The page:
Posted by: Dirk | June 12, 2013

Monetary policy à outrance

Axel Leijonhufvud describes what we today call “quantitative easing” in his Keynesian economics and the economics of Keynes on p. 20:

In the Treatise, Keynes had already arrived at the conviction that, if a contraction were once allowed to gather momentum, the type of monetary policy measures conventionally used by the Bank of England up to that time would be inadequate to correct the situation rapidly enough. A belated Central Bank action, he urged, must take the form of “open-market operations to the point of saturation” or a “monetary policy à outrance” as he termed it. He was careful to point out that such a policy would mean that the Central Bank would incur losses on its open market operations over time. This type of monetary policy already borders on the fiscal policy measures advocated in the General Theory. The suggestion that the Old Lady of Threadneedle Street should run her affairs in this manner was – if possible – received with even more horror in 1930 than the “unsound” Keynesian fiscal policy recommendations in later years. Keynes’ experiences with the Bank of England representatives, when he was a member of the Macmillan Committee, demonstrated quite clearly the uselessness of investing his influence and energy in pressing for this type of monetary policy. If the Central Bank could not be made to take losses for the general welfare, the government must. In reading the General Theory, Keynes’ “political” experiences from 1930 on must be remembered.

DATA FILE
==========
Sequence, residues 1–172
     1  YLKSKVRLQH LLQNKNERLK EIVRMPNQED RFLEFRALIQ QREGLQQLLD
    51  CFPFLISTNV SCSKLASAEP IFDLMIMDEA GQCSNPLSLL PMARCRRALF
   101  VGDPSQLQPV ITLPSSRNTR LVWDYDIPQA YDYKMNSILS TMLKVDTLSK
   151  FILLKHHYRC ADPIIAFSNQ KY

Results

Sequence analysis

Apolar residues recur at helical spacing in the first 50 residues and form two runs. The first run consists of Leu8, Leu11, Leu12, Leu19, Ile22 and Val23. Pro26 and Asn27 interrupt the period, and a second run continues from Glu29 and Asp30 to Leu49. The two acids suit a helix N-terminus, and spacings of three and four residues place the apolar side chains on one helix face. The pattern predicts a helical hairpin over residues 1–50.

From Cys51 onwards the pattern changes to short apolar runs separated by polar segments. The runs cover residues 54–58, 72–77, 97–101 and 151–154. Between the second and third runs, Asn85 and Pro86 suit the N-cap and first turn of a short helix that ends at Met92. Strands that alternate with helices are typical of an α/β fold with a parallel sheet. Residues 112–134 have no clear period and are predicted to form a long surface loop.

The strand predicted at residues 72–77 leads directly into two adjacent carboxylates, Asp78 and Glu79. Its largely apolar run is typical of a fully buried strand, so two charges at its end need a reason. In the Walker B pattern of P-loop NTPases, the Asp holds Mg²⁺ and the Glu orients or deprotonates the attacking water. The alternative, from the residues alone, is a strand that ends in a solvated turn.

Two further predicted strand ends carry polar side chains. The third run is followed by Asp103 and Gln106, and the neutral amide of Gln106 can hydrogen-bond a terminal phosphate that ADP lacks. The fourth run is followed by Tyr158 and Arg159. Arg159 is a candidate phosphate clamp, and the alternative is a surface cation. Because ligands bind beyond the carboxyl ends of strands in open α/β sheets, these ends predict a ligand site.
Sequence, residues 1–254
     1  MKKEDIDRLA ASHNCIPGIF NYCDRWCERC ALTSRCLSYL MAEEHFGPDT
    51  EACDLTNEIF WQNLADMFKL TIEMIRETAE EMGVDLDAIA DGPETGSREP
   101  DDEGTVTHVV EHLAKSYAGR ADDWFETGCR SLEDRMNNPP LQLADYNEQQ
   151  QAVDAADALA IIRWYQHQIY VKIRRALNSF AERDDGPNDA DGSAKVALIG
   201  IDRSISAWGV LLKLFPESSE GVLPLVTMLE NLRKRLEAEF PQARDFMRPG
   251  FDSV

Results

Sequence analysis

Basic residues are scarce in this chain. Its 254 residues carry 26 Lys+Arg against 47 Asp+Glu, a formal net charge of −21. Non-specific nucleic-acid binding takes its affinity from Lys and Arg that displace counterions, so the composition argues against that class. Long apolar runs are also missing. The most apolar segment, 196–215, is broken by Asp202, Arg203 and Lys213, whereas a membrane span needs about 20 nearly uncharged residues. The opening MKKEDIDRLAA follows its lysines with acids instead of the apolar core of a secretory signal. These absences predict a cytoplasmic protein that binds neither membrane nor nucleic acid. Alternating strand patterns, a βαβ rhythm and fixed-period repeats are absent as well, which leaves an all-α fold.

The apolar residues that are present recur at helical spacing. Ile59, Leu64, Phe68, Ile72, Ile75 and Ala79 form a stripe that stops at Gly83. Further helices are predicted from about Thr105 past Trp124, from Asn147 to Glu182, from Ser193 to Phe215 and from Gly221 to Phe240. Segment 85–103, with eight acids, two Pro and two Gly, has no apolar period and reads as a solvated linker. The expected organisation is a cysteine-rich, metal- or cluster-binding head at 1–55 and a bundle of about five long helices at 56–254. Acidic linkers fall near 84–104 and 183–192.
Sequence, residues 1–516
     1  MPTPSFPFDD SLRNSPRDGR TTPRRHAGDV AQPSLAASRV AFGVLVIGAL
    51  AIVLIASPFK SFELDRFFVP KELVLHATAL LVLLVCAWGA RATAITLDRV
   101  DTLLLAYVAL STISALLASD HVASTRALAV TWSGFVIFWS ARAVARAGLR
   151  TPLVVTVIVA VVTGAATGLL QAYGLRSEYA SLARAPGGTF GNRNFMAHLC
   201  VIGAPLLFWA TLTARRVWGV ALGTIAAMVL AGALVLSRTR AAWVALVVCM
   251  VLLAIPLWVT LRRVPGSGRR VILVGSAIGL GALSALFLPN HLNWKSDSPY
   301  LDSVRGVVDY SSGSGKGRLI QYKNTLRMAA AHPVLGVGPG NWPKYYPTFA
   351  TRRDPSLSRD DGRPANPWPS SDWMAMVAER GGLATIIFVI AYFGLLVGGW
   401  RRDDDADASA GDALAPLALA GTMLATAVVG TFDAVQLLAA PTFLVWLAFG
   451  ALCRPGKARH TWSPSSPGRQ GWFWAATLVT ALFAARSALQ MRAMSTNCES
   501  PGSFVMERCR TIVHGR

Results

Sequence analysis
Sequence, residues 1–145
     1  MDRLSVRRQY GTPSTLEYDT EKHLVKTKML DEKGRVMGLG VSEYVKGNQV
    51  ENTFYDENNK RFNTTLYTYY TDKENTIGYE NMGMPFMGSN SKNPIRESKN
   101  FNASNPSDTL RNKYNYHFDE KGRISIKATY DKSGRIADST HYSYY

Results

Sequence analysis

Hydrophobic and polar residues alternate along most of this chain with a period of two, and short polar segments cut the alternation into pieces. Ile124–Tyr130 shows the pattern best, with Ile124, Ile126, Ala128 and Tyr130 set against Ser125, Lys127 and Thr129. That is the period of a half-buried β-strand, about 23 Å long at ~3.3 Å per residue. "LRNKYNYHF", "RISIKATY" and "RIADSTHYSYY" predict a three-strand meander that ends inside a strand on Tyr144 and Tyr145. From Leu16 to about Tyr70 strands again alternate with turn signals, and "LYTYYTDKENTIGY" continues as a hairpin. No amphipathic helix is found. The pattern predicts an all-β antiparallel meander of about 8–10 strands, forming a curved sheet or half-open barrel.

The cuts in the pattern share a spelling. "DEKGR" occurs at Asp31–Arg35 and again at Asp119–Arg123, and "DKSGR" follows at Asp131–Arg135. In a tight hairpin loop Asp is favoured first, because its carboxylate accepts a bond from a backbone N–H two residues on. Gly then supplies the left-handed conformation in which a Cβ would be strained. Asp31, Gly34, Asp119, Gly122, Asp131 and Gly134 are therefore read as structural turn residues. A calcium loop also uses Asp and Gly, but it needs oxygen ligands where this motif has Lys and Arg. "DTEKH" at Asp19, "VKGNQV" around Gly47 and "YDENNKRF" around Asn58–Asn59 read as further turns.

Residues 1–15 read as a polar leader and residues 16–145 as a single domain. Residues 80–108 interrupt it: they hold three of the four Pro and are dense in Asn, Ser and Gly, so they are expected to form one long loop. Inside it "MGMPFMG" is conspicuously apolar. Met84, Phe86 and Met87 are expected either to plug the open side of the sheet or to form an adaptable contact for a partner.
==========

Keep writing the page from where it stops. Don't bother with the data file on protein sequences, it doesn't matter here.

This is quite interesting with regard to the ongoing case at the German constitutional court. So, if the central bank buys up sovereign bonds from the periphery and this incurs losses over time, then the constitutional court would perhaps be considering a ruling against the current policies. Since the court has no say over the legality of the ECB operations that would not directly endanger the euro zone. It would be clear that further changes of law are necessary to continue with the euro. That outcome would be pushing policy makers to come up with reform proposals. Every crisis is a chance to start something new and better. The euro zone definitely needs new rules. The ECB followed an inflation target, it did so successfully, but nevertheless the whole thing came apart and was only saved by Draghi’s unconventional policies. Buying time he did. Now politicians have to start reforming the system. Can we finally get a meaningful debate on the euro in the European media? … Please?

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